We were in a room at the back of Eaton’s house in American University Park. He punctuated the conversation by tickling his Steinway and producing the melodies of some of America’s greatest composers.
“People ask me, what is it about music?” Eaton said. “What’s most important? It’s emotion. And if it doesn’t have that — if it doesn’t produce that — it doesn’t have any value. And by emotion, I don’t mean emotion laid on like pizza sauce. You know, it has to come from within the music.”
At 1 p.m. Sunday, Eaton will perform at the Barns of Wolf Trap in what’s being billed as a 30th anniversary concert. That’s how long Eaton has been performing at Wolf Trap, but he’s been making a living with a piano for twice as long.
His first professional gig was in 1958 with Wild Bill Whelan’s band at the Bayou, back when the Georgetown club was a jazz joint.
“The rock revolution was just hovering on the horizon,” Eaton said. “I was rebelling against my Yale background.”
Eaton ended up rebelling in two directions: against his Ivy League background (his father was a journalist; his brother a lawyer) and against the rock revolution that finally came flooding over the horizon.
The jazz scene in Georgetown gave way to the folk scene and then to the rock-and-roll scene. Eaton knew he wanted to devote his life to music that at the time existed in an odd middle state. The songs of the Gershwins, Cole Porter, Harold Arlen and the like were too old and uncool for the folkies and rockers and not yet old enough to be cool to a new generation.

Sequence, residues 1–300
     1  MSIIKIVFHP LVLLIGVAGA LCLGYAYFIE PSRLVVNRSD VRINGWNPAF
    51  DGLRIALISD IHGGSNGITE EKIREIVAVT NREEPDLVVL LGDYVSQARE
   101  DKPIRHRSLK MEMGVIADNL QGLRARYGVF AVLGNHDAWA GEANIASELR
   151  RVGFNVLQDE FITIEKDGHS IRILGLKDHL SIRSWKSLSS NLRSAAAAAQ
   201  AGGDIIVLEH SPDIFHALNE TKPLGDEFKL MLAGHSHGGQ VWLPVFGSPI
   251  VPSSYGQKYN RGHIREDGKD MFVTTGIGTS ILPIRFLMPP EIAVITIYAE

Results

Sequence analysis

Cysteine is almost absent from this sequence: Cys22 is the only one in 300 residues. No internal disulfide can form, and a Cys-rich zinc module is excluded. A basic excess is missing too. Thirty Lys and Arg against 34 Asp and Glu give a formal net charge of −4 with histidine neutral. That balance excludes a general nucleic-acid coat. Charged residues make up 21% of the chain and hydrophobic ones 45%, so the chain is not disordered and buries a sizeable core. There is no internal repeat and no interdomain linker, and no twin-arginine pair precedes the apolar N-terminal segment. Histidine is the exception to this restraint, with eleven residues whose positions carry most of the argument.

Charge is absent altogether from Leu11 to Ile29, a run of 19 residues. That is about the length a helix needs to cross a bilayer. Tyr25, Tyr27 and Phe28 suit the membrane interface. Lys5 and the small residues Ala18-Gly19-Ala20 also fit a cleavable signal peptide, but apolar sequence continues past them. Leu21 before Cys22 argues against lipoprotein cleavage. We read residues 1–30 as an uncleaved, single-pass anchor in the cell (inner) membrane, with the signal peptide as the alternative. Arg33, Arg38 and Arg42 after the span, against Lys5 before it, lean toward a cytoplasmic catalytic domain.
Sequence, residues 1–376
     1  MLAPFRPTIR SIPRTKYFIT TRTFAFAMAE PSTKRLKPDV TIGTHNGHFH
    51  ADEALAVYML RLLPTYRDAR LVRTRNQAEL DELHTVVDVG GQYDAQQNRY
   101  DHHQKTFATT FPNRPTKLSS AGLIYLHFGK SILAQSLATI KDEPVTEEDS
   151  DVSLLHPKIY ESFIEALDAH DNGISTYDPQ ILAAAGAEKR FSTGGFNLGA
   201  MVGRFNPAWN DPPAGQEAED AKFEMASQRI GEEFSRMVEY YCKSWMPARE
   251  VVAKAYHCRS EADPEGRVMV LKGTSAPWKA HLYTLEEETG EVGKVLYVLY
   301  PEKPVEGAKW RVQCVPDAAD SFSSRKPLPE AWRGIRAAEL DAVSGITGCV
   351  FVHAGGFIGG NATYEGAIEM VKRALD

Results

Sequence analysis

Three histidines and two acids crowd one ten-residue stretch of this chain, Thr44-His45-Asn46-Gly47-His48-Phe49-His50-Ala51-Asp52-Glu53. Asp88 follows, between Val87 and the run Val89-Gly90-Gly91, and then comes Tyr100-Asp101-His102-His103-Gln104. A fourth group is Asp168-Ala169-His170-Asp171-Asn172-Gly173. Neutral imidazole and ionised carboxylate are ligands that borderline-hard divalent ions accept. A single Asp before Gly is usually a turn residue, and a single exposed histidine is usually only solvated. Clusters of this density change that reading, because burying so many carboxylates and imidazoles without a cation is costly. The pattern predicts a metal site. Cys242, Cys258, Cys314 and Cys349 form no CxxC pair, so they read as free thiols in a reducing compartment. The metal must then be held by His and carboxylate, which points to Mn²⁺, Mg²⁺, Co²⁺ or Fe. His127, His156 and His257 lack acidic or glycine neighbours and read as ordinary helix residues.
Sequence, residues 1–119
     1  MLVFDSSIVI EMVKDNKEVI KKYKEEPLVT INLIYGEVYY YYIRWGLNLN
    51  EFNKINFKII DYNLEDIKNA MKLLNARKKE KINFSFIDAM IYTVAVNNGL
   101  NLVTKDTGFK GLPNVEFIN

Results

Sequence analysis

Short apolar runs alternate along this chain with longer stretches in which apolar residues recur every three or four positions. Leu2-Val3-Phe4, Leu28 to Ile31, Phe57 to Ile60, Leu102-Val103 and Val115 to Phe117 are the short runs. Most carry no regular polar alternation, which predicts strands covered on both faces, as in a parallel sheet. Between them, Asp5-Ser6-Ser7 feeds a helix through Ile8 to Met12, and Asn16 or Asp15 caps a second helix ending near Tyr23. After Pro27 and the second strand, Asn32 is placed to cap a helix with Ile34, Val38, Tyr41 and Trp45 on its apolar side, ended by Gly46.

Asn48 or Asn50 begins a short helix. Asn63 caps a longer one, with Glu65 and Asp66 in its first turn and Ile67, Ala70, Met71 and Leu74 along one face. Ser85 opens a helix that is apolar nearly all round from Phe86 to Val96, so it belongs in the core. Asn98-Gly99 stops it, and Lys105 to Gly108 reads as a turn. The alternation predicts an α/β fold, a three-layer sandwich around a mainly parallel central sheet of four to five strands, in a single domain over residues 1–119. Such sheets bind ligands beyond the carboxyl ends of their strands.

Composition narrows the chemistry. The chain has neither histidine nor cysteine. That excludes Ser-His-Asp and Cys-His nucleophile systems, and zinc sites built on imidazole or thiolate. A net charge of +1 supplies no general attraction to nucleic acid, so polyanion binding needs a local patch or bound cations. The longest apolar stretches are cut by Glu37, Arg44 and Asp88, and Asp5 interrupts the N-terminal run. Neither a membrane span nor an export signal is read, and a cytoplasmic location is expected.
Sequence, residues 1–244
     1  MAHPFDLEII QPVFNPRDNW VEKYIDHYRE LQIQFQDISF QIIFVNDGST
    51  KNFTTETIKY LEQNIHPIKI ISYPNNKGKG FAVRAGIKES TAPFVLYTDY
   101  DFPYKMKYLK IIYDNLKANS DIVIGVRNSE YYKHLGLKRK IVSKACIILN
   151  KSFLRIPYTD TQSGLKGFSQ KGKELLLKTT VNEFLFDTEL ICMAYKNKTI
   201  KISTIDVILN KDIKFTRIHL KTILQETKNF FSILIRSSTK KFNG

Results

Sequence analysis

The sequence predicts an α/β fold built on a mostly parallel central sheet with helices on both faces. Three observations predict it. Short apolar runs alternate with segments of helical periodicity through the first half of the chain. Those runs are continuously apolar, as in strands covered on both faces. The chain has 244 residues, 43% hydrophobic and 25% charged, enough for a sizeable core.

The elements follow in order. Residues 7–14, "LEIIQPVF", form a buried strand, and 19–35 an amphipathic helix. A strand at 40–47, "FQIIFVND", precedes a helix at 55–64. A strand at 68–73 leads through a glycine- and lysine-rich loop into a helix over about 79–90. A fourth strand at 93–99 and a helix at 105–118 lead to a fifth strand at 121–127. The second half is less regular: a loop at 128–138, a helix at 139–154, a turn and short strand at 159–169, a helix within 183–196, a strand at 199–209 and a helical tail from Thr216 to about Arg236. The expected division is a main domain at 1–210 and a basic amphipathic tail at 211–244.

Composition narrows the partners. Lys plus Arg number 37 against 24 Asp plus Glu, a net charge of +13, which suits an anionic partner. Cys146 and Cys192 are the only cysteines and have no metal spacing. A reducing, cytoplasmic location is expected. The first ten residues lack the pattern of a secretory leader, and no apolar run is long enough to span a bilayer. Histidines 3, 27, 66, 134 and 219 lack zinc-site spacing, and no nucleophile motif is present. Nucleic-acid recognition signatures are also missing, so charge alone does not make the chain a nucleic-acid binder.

He remembers thinking: “If you don’t do it, it’s always going to torture you in some way.”
For three years Eaton headed the house band at Blues Alley, backing whatever touring stars needed a jazz trio. He listens now to some of the recordings from those days and marvels at his technical skill — his speed, his stamina, his profusion of notes — but isn’t convinced he was any better.
“One of the rewards of getting older is you suddenly know how to do it,” he said.
Eaton did piano bar work in hotel lounges, too, what he calls “saloon playing”: a greenback-stuffed snifter displayed prominently.
Eaton placed his hands on the keys and played a few bars of “Mean to Me,” a song with music by Fred Ahlert.
“A nephew of his used to come into the Embassy Row, and he’d pay me $5 for every Ahlert song I played,” he said.
In 1988 Eaton got that most Washington of gigs: playing the White House. The program included Duke Ellington and the Gershwins — and requests, which Eaton always invites, even though he knows it’s a high-wire act. Nancy Reagan requested Jerome Kern and Oscar Hammerstein II’s “Don’t Ever Leave Me.”
“Don’t ever leave me, now that you’re here,” goes the lyric. “Here is where you belong.”
At age 85, Eaton is still here.
“Doing it keeps you going,” he said. “It’s who you are.”
Music of an entirely different sort — the Great American Screambook, you might call it — will be celebrated this weekend at the AFI Silver Theatre. “Punk the Capital: Building a Sound Movement” — the documentary by Paul Bishow, James June Schneider and Sam Lavine — screens Saturday through Monday. Each screening will feature a discussion with figures from the District’s punk scene.
Good deed do-gooders
Because Andrew was wearing a Maple Leafs sweatshirt — and possessed a hint of accent and a generally personable demeanor — Sue and her husband, Art Jaso, thought he might hail from our northern neighbor.
“I don’t think it’s a uniquely Canadian thing,” said Andrew of doing a good deed. “I would say it’s an American thing, too. People are friendly for the most part. They’re going to do the right thing if they have the opportunity.”
It was someone from the DCHL — a recreational floor hockey league Andrew plays in — who saw my column and made the connection.
So you like hockey, Andrew?
“Yeah, of course. Being Canadian, I guess it’s just stereotypical.”